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Weber reflects on Michelin season so far

Weber reflects on Michelin season so far

With five races already gone it is perhaps a chance to reflect on the season so far and for Michelin's director of motorcycle racing Jean-Philippe Weber it has been an eventful series of Grands Prix.

After this weekend's Gran Premio d'Italia Alice at Mugello a third of the 2007 MotoGP season will have been completed, with the current premier class landscape markedly different from this time last year, demonstrating the unpredictability of the sport.

With five races already gone it is perhaps a chance to reflect on the season so far and for Michelin's director of motorcycle racing Jean-Philippe Weber it has been an eventful series of Grands Prix.

Having spent pre-season preparing for the introduction of the new tyre rules, adapting to 800cc racing and introducing their new 16-inch front, Michelin have not enjoyed quite the start to the current campaign they would have hoped for – in part due to the red hot form of Bridgestone equipped Ducati Marlboro rider Casey Stoner who of course currently leads the World Championship.

However, Weber was as open as ever in his straightforward and honest assessment of the current state of play as he fielded the questions from Michelin's press office:

What can you tell us about the start of the 2007 MotoGP season?

"Quite frankly, the results so far aren't up to our expectations. The last race at Le Mans is the best example. We chose relatively hard compounds for the wet part of the French Grand Prix which didn't pay off. To be quite clear, we gambled with our partners that the rain would gradually stop. We opted for a hard compound rain tyre for the majority of our riders. It turned out that the rain increased drastically, so Valentino (Rossi) was unable to fight with his opponents. However, Dani (Pedrosa) chose a softer tyre that proved more competitive in the closing stages of the race, so he was able to climb back to fourth position. Given our initial hypothesis and the change of weather, we now know that our riders could have raced with at least one notch softer compound."

"However, this disappointment shouldn't hide all the good work we have done since the beginning of the season, notably with the new 16-inch front, which gets praise from all our riders. We will pursue our development to increase rear tyre performance."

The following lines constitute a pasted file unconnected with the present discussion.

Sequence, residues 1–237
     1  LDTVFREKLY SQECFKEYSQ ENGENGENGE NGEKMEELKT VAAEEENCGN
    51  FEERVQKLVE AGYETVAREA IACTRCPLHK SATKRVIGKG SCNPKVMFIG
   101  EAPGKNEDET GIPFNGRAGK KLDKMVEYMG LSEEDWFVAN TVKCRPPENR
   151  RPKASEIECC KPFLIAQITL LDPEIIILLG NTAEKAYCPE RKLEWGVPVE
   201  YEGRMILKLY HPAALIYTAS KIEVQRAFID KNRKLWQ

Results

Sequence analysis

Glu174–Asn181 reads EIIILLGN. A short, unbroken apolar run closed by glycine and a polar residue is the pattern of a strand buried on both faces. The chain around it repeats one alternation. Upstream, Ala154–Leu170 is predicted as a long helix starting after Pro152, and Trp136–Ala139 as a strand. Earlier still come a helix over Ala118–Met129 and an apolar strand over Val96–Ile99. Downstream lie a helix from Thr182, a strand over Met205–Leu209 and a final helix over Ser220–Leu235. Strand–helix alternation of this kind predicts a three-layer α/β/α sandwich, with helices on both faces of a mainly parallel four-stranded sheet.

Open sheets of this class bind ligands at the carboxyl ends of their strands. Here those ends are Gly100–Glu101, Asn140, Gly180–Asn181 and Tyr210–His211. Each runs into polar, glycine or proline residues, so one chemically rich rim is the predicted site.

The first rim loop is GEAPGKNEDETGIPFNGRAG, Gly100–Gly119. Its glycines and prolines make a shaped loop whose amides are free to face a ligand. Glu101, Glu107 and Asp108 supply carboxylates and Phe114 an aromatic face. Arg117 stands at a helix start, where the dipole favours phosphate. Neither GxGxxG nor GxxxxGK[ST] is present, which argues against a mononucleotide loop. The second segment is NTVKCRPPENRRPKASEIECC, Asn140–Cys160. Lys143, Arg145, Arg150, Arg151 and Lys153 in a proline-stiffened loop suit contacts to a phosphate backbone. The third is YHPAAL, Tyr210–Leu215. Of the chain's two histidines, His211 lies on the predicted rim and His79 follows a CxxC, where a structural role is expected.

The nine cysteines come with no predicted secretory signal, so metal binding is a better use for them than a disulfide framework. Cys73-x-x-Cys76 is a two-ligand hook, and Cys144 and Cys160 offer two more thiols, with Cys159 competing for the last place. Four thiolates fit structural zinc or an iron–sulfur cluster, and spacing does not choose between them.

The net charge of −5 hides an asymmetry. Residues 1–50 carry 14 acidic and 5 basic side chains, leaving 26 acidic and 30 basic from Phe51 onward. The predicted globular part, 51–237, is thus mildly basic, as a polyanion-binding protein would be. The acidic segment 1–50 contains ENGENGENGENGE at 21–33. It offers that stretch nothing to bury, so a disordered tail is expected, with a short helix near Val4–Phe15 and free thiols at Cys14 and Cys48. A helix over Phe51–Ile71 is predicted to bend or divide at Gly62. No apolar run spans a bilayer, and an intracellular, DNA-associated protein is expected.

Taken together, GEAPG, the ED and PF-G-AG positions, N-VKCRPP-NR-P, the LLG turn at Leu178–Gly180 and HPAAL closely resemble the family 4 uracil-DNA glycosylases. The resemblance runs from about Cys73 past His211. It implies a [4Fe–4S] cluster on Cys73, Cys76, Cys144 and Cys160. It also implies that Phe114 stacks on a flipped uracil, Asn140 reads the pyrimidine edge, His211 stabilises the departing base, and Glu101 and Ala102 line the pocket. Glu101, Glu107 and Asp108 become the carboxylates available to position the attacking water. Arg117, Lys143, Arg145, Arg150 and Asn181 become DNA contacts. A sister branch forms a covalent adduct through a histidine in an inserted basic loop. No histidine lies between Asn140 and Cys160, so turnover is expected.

The early stages of this season have also shown a redistribution of roles amongst the premier class role-players. Is it possible to say that Michelin has been destabilised?

"Not destabilised, but things have changed. For sure the 800cc hierarchy is totally different today compared to the 990cc era. From a machine performance point of view, one can say that the Japanese manufacturers are all on a similar level after the first five races. At the moment only Ducati seems to have a distinct advantage. Also, the seven riders equipped by Michelin haven't been spared by race turmoil. The Turkish Grand Prix is the best example. We had the three fastest qualifying times at Istanbul but the first lap collision seriously hurt us, taking out Dani and Colin (Edwards)."

"One can say that so far circumstances have not been favourable to us. However, our global performance is quite competitive. You need only look at Valentino's performances, especially in Qatar or China. Despite his top speed deficit he kept contact with Casey Stoner's Ducati at Shanghai and did everything he could to put pressure on Casey. At Jerez we achieved a hat trick both in practice and in the race. At Le Mans we had three riders in the first four on the starting grid, including Colin on pole position."

How do you approach the rest of the season?

"With a calm and focused attitude. There are still 13 Grands Prix to go. Our goal at Michelin is clear: we must concentrate on our mission to give each of our riders the best possible product. This championship is extremely competitive in every way – for the riders, for the bike manufacturers and for the tyre manufacturers – which in my opinion shows the excellence of MotoGP. In racing as elsewhere, hard work always pays off."


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